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TPR action leads to NOW: Pensions overhauling its administration system

Ref: PN19-05

Issued: Friday 1 February 2019

Demands from The Pensions Regulator (TPR) for NOW: Pensions to overhaul its administration system have led to the pension contributions of hundreds of thousands of people being collected and invested.

TPR gave the trustee and trust manager of NOW: Pensions a deadline to fix serious and persistent administrative failings with the pension scheme that had led to problems with the collection and investment of contributions. In April 2016, the pension contributions of almost one in three of the master trust's members – an estimated £18 million affecting over 265,000 people – had not been collected, and there were ongoing problems both with the collection of contributions and with ensuring the correct amounts were invested for members.

TPR directed the trustee and the trust manager (NOW: Pensions Ltd, or NPL) to resolve these issues by serving them with an improvement notice and third party notice respectively.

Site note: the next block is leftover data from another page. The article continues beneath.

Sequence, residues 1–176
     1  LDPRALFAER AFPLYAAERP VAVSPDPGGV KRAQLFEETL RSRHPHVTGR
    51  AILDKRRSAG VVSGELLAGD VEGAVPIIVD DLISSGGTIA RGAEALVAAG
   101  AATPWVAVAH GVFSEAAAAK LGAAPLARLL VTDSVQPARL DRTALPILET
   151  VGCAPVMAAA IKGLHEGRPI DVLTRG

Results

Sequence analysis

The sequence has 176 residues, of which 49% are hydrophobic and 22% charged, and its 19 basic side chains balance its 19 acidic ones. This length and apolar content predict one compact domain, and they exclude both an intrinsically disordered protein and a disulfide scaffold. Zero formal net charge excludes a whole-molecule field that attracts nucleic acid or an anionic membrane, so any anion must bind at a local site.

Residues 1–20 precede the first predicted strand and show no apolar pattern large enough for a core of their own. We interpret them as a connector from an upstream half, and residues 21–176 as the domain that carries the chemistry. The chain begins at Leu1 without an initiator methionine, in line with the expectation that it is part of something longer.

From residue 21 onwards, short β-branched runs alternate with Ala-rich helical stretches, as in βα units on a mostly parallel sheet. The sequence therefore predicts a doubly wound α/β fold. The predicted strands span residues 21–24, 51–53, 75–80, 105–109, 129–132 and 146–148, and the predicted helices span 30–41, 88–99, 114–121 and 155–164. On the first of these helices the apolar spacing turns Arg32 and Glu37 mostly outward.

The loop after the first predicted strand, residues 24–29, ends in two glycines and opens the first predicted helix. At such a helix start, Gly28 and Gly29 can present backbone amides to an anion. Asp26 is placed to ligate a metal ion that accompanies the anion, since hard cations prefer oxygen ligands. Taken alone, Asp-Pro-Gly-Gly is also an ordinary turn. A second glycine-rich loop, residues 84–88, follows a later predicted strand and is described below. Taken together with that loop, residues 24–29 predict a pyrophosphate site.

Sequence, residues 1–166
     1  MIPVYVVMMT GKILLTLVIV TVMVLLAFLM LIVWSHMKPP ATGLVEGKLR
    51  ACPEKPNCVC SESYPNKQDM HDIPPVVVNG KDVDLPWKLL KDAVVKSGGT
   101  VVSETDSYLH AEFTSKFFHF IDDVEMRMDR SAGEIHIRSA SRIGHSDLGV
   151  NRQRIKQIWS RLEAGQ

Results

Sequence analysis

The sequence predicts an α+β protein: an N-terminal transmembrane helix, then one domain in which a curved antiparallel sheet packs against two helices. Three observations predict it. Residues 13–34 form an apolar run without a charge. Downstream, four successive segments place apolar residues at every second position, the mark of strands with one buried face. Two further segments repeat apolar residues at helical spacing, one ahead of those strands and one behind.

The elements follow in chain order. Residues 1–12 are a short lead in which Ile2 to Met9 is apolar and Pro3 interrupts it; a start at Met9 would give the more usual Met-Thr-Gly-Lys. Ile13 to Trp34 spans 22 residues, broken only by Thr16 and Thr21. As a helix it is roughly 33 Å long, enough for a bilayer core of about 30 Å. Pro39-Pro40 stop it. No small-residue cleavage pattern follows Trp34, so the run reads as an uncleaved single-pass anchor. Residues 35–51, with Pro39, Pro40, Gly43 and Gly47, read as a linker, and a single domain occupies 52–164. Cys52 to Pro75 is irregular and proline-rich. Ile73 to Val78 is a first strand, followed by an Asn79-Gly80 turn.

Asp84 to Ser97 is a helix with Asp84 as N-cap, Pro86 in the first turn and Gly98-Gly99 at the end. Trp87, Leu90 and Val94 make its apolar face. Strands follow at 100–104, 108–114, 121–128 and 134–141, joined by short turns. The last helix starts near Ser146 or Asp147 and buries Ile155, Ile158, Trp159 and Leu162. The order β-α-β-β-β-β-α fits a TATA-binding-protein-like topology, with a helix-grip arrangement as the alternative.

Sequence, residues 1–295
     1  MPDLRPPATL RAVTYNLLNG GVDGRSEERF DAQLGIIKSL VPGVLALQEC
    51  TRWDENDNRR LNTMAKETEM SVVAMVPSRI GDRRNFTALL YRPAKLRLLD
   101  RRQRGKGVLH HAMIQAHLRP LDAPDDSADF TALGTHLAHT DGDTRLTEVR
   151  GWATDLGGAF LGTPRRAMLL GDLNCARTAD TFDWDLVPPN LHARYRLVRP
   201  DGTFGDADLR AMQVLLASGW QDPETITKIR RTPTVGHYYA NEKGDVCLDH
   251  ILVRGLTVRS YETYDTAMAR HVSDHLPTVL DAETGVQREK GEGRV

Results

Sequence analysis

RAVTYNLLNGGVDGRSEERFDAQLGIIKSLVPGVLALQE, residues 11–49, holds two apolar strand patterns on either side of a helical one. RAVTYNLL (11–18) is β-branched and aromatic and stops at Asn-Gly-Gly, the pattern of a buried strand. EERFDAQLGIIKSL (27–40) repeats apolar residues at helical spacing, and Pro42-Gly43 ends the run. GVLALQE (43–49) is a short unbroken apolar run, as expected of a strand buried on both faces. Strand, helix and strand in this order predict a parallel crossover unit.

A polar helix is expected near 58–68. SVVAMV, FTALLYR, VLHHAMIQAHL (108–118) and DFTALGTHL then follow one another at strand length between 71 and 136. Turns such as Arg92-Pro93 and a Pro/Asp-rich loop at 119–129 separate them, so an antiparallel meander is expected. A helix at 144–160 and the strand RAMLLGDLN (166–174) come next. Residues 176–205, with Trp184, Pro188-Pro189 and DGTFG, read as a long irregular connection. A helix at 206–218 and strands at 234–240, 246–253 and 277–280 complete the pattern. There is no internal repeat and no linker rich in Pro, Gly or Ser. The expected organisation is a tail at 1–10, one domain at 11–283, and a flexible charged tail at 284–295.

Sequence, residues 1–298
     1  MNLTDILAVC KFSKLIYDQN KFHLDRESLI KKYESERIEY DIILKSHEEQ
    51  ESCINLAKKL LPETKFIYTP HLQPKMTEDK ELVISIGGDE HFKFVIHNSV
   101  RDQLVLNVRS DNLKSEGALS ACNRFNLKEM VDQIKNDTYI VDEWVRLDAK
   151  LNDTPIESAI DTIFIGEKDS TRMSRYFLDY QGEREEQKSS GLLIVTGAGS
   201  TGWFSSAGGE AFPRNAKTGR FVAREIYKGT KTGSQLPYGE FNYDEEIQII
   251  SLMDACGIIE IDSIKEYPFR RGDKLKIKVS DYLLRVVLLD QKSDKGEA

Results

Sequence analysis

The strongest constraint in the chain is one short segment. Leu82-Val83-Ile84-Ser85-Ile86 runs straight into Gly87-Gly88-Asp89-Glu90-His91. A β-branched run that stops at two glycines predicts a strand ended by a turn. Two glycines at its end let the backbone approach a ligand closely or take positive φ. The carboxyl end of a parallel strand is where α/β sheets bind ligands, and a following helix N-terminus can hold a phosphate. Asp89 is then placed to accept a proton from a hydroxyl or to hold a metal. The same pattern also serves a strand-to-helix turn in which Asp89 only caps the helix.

As a result, NPL has worked closely with employers to collect outstanding contributions. It has moved all of its members onto a purpose-built platform, improved the member data it holds and has rebuilt the data records of more than 350,000 of its members. All of the contributions due to these members have now been collected and invested.

TPR is now satisfied that the trustee and NPL have taken all reasonable steps to comply with the notices. While there are still some cases of outstanding contributions, these largely relate to instances when employers have become insolvent. NPL is working proactively to address these cases and TPR is continuing to monitor the progress being made.

Nicola Parish, TPR's Executive Director of Frontline Regulation, said: "When we launched our investigation into NOW, the master trust had significant administration problems in the way it was handling data.

"In particular, its failure to collect contributions was causing problems for employers and the pension pots of members were not growing as they should have been. This was unacceptable.

"Pension schemes, including master trusts, should be in no doubt that we will act if we become concerned about the way they are being run. We will not accept failings that put members' savings at risk."

NPL is making good any investment loss suffered by members because of its administrative failures. Where losses to member benefits have occurred due to employers becoming insolvent, NPL will provide compensation if the losses have been caused by NPL.

The trustee and NPL have also put systems and processes in place to monitor contributions, and TPR is continuing to work closely with the trustee to ensure that it is correctly reporting the late collection of contributions from employers, as it is legally required to do.